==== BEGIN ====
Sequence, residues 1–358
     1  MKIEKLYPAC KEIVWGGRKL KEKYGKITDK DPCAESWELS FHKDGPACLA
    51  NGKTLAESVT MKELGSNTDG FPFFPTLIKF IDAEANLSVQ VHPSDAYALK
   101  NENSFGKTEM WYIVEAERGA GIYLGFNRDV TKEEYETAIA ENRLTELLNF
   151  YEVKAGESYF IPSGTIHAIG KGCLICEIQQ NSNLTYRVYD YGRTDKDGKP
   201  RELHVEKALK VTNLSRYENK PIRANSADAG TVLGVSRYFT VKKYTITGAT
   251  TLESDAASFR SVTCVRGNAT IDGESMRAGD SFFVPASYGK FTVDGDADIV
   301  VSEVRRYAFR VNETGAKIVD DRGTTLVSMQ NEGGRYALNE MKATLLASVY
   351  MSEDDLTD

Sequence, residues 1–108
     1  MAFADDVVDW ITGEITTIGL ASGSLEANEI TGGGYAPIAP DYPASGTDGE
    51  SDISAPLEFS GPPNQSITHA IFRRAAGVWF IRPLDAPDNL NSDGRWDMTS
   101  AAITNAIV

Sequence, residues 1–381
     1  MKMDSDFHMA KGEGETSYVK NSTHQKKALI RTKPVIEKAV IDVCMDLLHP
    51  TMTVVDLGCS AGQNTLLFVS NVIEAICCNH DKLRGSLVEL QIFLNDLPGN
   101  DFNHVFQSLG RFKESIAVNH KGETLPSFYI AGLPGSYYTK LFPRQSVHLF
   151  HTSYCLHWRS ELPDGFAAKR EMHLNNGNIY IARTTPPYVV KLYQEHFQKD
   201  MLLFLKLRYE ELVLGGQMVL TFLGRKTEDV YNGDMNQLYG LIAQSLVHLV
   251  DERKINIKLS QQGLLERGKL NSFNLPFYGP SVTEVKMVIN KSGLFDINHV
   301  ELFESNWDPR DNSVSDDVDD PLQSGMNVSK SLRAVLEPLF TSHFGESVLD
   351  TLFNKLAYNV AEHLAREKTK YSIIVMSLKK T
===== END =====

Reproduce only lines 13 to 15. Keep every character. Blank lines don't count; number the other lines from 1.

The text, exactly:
   101  AAITNAIV

Sequence, residues 1–381
     1  MKMDSDFHMA KGEGETSYVK NSTHQKKALI RTKPVIEKAV IDVCMDLLHP